The money was welcome, of course, but there was also the desire to serve the public. Yes, really, Sadrakshanaay Khalnigrahaniya. Katekar knew he could never confess this urge to Vishnu, because fancy talk of protecting the good and destroying evil would elicit only laughter. Even among colleagues, this was never to be spoken about. But it was there, however buried it may be under grimy layers of cynicism.

However, in the end, the entire stratum of law-enforcers is steeped in corruption, and complicit in violence and illegal raking of money.

Mumbai in all its sprawling, seedy glory is at the center of Chandra’s novel. It nurtures and nourishes its many economic immigrants, and individuals live crowded uneasily together distrusting the stranger, despising the immigrant and constantly aware of caste and social standing. On a yacht in Thai waters, Gaitonde muses,

Their bodies missed Bombay. I know because after an year away from Mumbai I still got attacks of yearning, I craved the spittle-strewn streets of that great whore of a city, while waking up I felt that pungent prickling of exhaust and burning rubbish at the back of my nostrils… when you are far away from the jammed jumble of cars, and the thicket of slums, and the long loops of rail, and the swarms of people, and the radio music in the bazaars, you could ache for the city.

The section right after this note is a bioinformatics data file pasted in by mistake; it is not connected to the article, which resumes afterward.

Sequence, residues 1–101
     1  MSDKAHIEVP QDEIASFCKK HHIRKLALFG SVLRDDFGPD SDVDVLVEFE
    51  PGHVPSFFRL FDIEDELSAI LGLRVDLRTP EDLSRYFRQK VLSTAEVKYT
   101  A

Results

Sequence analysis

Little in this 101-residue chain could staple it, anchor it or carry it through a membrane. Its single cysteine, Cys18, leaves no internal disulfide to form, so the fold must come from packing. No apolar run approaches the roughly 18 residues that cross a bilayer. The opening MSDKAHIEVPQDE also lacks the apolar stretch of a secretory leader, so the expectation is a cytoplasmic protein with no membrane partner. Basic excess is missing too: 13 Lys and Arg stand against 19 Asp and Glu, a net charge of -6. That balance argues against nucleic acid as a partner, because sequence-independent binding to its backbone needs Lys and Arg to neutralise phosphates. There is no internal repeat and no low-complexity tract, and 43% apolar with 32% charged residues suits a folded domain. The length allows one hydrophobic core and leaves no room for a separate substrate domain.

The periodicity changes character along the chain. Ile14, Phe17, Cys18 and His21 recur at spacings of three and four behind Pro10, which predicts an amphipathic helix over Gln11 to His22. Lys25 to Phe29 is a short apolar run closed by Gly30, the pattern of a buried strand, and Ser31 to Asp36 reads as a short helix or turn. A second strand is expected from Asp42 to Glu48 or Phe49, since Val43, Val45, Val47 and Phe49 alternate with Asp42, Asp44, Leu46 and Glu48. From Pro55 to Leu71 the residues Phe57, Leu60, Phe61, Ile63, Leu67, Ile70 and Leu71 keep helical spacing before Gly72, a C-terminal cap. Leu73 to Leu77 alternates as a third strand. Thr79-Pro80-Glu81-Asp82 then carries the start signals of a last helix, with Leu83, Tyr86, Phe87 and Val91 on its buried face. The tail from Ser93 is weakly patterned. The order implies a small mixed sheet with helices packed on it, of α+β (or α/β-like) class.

Bollywood plays a huge role in this book. From the aspiring actress, Zoya Mirza’s rise through body altering plastic surgery to Gaitonde’s boys discussing what a Mukesh, Mohammed Rafi and a Kishore Kumar ditty stands for, to the Indian penchant of humming a tune for every situation. The connection with the film industry is not imaginary. Chandra co-authored his brother-in-law Vidhu Vinod Chopra’s Mission Kashmir with Suketu Mehta. Chandra’s mother, Kamna Chandra scripted a number of Hindi films and his sister Tanuja Chandra is a director and screenwriter. Another sister, Anupama Chopra (who is married to Vidhu Vinod) is an authoritative film critic for India Today, and author of Sholay: The Making of a Classic, arguably the best movie book published out of India.

Vikram Chandra’s first novel Red Earth and Pouring Rain won the Commonwealth Writers’ Prize for Best First Book and the David Higham Prize for Fiction. His collection of short stories, Love and Longing in Bombay won the Commonwealth Writers’ Prize for Best Book, Eurasia Region and was a New York Times Notable Book. But one cannot help admiring the author whose audaciousness is matched with charm, as he makes Gaitonde say,

Writers are pathetically susceptible to praise. I have worked with gangsters and holy men, and let me tell you, none of these can compare with a writer for mountainous inflations of ego and mouse-like insecurities of the soul.

The Portrait

Posted in Action / Thriller on November 29, 2006 by Ishrath Farhana

Do you see the coldness I have put in around your eyes? The cruelty of the mouth, the calculation of the chin? The background is entirely dark, for there has never been anyone in the world but yourself.